It was a shock to startups and consumers alike when the announcement broke last month that the much talked about Silicon Valley taxi app business, Uber, would not have its London license renewed. The topic was widely debated from both sides, and wasn’t always clear, but in the end, the story is simple.
Transport for London, or TfL, the body responsible for London’s public transport and taxi links, said Uber was "not fit and proper" to operate in the city – a decision that was supported by London mayor Sadiq Khan.
Why is Uber being banned in London?
Why did all this happen in the first place, you might ask? According to TFL, the decision not to renew Uber’s license in London came down to two key points:
1. There have been concerns over the company’s approach to reporting serious criminal offences, obtaining medical certificates, and background checks into its drivers
2. Uber’s use of use of secret software, known as "Greyball", which could be used to block regulators from gaining full access to its app, therefore putting public safety at risk
Since the announcement, Uber has issued a public apology for the mistakes it has made in regards to keeping passengers safe, but this isn’t the end of the story. Having promptly filed an appeal at Westminster Magistrates’ Court, Uber is now able to continue operating in London indefinitely while the appeal process is underway – it’s unclear exactly how long this will take.
The decision is momentous, and sends a big message to other cities where Uber is commonplace. Both drivers and passengers in London will be deeply affected: it’s thought that 3.5 million people in London use the app, with approximately 40,000 licensed drivers living in the city. Whichever way you look at it, there’s no doubting that Londoners have been invested in Uber since it was introduced in 2009, and would need an alternative option if it was to go away.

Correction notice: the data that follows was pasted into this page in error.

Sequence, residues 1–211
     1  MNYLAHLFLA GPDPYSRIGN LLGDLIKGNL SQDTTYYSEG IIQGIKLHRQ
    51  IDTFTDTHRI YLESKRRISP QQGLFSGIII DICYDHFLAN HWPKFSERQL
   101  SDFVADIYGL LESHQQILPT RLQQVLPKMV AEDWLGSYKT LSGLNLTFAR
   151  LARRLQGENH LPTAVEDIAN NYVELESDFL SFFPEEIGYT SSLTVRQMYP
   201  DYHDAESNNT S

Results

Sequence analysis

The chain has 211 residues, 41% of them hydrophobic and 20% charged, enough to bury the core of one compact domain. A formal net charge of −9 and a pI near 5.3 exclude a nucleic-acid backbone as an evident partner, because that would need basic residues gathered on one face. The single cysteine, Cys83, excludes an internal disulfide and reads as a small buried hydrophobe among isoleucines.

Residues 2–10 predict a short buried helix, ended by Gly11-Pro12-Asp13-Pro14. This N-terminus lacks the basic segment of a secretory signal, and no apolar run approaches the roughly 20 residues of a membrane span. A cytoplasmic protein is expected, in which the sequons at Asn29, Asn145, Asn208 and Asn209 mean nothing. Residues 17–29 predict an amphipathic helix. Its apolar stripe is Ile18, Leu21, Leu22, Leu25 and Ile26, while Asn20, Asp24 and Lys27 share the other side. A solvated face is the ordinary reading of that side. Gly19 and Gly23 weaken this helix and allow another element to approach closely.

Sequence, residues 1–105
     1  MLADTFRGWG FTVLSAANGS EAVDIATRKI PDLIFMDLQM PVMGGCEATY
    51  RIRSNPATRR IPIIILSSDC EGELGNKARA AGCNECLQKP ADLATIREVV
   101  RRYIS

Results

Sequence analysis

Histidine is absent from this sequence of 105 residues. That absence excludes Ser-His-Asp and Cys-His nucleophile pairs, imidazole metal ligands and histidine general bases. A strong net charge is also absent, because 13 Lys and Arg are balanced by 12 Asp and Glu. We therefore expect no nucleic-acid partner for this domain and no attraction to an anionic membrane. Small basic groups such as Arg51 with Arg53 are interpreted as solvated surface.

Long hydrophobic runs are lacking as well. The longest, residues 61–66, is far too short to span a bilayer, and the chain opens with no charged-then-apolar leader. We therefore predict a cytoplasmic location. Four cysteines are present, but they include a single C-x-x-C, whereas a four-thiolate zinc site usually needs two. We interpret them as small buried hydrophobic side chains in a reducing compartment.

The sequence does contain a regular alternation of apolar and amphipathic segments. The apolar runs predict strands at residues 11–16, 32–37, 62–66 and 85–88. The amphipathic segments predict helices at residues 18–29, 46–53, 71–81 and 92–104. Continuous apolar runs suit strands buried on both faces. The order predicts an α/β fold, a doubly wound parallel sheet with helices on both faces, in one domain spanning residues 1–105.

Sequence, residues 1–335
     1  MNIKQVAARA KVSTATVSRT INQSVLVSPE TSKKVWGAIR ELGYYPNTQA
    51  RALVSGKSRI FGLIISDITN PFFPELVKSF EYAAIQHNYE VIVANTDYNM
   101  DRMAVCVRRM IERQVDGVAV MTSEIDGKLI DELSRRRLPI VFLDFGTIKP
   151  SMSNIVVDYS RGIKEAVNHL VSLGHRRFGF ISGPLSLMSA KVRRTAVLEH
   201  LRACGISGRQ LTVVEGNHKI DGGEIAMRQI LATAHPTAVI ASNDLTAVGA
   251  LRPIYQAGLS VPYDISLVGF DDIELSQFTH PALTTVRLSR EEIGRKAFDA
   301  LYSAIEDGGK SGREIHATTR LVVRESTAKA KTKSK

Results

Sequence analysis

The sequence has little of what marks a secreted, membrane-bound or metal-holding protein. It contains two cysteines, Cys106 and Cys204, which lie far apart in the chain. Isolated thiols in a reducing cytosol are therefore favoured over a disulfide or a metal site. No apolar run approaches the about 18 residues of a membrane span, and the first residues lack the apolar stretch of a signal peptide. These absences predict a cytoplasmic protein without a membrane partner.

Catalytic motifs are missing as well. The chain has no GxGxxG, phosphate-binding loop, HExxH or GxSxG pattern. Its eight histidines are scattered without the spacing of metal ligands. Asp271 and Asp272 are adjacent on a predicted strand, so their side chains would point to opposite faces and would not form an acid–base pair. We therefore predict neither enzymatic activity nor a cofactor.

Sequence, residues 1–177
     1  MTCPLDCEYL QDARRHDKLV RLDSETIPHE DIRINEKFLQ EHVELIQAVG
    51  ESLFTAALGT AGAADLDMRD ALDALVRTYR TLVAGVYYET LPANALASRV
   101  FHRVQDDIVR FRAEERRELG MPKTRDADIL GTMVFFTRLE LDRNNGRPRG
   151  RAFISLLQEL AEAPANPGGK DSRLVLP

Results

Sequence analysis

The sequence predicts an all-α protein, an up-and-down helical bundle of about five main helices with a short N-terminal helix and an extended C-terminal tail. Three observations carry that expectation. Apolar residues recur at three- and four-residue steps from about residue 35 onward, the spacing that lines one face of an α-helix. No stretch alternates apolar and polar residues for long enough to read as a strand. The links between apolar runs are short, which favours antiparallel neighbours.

Opinions from London startups
General public opinions have been split between two schools of thought: outrage at Uber’s conduct, and loyalty for its low-cost, convenient travel solutions. But what do the city’s local startups have to say about all this?
Here at The Formations Company we decided to put the topic out to a Twitter survey soon after the news broke. We asked startups in London who’ve used the app to tell us what they thought of Uber. The results? A surprising 71% of businesses said they do not support the ban of Uber, with only 29% coming out to say they agree the company should lose its London license due to safety concerns.
Founder and CEO of Laundrapp, a mobile on-demand laundry and dry cleaning service, Edward Relf, believes the decision to ban Uber would be a negative one for Londoners. “It’s terrible for the consumer and competition in London”, he told us. “London is a thriving global capital and therefore requires a world-class, technologically enabled transport system. People who use Uber love the service, and although every service can and should be continually improved with the needs of the customer, the news today is a blow for London and customer choice.”
But while some believe that the San Francisco app service deserves the chance to redeem itself, others feel there is no going back on the damage it has done, and argue it’s time to make way for competitors who are more committed to public safety and equality.
London-based online startup Elite Lucky Gamers, for example, are of the opinion that private hire company Addison Lee are best for business, adding that “we don’t like Uber, we never have”. Business founder, spatial scientist and Guardian writer Dr Pragya Agarwal agrees, pointing out that “Uber’s policies have been dubious, and their treatment of women too”.
There’s likely to be relative silence around the argument until the first hearing on 11th December, though the whole process of deciding whether the company should stay in London will probably take several months.
In the meantime, the business is working to replace many of its senior staff, including the executive responsible for the UK region, so we will continue to see changes made to the company in an effort to appease officials. With an online petition to renew Uber’s London license picking up more than 850,000 signatures, however, we may well not have seen the end of the taxi-ordering app – for better or worse.
Are you a London startup? Let us know what you think about Uber and the ban at email@example.com. For more insights into the news and trends affecting small UK businesses, or how to run a successful startup, check out our blog.